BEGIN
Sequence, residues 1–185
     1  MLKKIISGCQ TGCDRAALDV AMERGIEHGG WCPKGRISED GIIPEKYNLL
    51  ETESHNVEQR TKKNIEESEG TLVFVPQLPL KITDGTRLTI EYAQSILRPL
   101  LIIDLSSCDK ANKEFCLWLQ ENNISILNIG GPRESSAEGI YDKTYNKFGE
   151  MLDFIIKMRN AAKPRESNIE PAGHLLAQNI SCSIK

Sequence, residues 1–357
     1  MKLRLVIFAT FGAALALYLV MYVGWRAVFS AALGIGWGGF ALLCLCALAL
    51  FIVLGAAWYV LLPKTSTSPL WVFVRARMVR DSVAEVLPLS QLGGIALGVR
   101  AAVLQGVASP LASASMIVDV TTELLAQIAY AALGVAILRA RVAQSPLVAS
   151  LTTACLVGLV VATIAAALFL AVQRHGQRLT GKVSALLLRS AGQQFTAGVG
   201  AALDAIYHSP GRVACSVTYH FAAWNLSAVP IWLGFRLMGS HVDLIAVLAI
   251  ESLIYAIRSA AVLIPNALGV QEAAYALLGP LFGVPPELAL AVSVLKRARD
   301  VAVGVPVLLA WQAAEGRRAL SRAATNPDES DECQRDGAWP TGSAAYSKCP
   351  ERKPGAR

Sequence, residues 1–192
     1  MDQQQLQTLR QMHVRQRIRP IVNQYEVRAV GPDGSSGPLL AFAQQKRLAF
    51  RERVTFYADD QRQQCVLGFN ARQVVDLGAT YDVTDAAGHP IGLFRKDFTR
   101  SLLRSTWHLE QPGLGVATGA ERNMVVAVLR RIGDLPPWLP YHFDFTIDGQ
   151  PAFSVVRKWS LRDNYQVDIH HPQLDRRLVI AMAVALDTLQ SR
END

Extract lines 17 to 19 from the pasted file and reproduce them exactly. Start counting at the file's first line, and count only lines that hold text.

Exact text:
    51  RERVTFYADD QRQQCVLGFN ARQVVDLGAT YDVTDAAGHP IGLFRKDFTR
   101  SLLRSTWHLE QPGLGVATGA ERNMVVAVLR RIGDLPPWLP YHFDFTIDGQ
   151  PAFSVVRKWS LRDNYQVDIH HPQLDRRLVI AMAVALDTLQ SR